9 March 2011
The Chinese government is planning to spend nearly $200 billion on homes for low-income families this year. They are trying to make it easier for people to buy a place to live as property prices in most Chinese cities are still increasing every month.
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The government's promising to build or renovate 10 million households for low-income families this year and next. Officials will provide about 40% of the cost. The rest will be raised from the families or companies who benefit from the programme.
It's an ambitious target, perhaps too ambitious. The state-controlled media here says, last year, a plan to build just under six million affordable homes wasn't completed. It's getting harder and harder for families in Chinese cities to buy even a small apartment.
The government's responded with measures to try to curb speculation, making it more expensive to buy second homes, and telling local governments to set price targets. Qi Ji, a housing minister, said these price curbs were an effort to direct the limited supply of housing towards those who needed it most.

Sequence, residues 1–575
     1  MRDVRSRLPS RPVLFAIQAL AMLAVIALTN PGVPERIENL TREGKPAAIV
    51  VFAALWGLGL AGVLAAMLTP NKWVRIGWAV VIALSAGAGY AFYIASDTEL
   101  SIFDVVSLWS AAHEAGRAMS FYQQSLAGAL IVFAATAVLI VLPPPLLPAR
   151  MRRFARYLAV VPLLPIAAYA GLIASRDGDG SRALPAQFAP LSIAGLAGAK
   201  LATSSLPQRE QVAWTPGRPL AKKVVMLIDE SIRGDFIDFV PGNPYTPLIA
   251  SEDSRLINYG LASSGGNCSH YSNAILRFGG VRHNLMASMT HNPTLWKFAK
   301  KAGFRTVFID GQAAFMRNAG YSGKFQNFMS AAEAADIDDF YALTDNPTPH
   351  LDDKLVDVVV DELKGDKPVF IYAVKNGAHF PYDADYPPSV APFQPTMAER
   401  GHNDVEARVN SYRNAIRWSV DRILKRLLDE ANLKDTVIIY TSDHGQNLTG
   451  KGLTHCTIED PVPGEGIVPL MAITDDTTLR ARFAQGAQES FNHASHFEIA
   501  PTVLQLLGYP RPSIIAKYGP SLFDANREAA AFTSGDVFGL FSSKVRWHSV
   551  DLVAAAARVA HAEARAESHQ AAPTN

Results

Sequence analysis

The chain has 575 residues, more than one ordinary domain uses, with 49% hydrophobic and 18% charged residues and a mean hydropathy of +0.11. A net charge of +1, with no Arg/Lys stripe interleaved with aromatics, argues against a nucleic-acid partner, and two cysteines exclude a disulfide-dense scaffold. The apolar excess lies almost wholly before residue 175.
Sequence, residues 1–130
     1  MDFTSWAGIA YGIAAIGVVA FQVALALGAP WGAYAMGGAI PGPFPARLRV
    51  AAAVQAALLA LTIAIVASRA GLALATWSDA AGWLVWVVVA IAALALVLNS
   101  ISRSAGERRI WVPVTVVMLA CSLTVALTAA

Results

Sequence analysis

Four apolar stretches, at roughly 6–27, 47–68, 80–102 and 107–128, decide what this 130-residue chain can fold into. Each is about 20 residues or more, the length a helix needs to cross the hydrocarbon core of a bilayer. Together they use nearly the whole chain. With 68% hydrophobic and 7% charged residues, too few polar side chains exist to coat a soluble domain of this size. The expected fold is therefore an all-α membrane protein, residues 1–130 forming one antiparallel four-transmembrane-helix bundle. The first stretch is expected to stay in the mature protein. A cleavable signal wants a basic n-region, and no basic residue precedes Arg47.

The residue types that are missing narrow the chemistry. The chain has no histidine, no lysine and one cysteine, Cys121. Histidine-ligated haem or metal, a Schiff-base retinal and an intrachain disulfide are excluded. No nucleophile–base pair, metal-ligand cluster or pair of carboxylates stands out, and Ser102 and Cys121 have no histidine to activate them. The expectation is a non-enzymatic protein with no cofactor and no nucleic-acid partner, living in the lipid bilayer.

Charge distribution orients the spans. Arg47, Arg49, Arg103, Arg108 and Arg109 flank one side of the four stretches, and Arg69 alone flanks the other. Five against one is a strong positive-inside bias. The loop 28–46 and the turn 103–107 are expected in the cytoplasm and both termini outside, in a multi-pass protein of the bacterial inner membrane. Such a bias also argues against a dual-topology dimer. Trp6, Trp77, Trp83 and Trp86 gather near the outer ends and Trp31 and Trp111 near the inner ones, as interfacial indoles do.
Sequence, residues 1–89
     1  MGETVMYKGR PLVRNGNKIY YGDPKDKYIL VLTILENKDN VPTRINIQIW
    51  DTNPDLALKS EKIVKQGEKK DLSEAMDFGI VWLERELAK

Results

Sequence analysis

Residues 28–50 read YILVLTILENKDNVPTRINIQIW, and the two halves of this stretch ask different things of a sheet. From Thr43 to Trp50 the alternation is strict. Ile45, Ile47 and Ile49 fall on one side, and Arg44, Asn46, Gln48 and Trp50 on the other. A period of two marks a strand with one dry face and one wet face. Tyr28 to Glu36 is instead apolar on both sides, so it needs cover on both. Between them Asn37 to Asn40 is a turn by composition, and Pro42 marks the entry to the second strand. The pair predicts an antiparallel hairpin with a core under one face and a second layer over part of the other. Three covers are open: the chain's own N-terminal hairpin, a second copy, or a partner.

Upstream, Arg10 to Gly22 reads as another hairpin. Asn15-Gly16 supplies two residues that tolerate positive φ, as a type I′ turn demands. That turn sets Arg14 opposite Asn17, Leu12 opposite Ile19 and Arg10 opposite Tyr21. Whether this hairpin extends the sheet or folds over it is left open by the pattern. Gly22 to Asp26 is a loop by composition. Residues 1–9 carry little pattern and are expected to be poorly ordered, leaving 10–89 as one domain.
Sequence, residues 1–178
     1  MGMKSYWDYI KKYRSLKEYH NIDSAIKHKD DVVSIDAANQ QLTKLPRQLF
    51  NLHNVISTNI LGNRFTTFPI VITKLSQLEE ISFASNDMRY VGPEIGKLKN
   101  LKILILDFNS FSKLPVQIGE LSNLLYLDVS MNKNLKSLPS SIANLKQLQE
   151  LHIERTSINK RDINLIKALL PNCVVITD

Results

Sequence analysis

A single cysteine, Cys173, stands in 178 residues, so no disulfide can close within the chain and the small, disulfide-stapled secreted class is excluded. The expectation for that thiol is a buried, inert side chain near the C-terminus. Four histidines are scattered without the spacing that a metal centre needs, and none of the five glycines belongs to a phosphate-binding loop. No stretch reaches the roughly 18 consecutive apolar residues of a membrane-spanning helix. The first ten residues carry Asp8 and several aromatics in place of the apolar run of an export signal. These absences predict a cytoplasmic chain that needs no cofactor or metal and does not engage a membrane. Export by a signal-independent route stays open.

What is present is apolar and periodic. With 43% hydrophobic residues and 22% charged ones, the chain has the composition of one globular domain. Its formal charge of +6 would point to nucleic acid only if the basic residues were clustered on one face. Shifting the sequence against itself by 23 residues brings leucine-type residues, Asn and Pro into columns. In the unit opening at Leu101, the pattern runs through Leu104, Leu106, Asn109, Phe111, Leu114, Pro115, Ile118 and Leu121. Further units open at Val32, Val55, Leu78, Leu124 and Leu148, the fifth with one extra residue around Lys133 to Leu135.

Property developers are already complaining that the plans to build so many affordable homes will hit their profits. Ten million units would be more than half the number of new homes built here last year.
But China's Premier, Wen Jiabao, has promised to work harder to address public concerns about the housing market. Reports in the state media quote officials as saying a new round of controls will be introduced if property prices don't stabilise in the weeks ahead.
Chris Hogg, BBC News, Shanghai
Click to hear the vocabulary:
repair (something which is not in a good condition)
collected or gathered from
- just under
slightly less than
official actions or rules
- curb speculation
here, control or limit people who buy properties hoping to sell them for large profits
- property developers
business people who organise and fund the construction of houses, apartments and other buildings
repeat the exact words of (somebody)
- a new round of
a fresh set of
here, become steadier or more predictable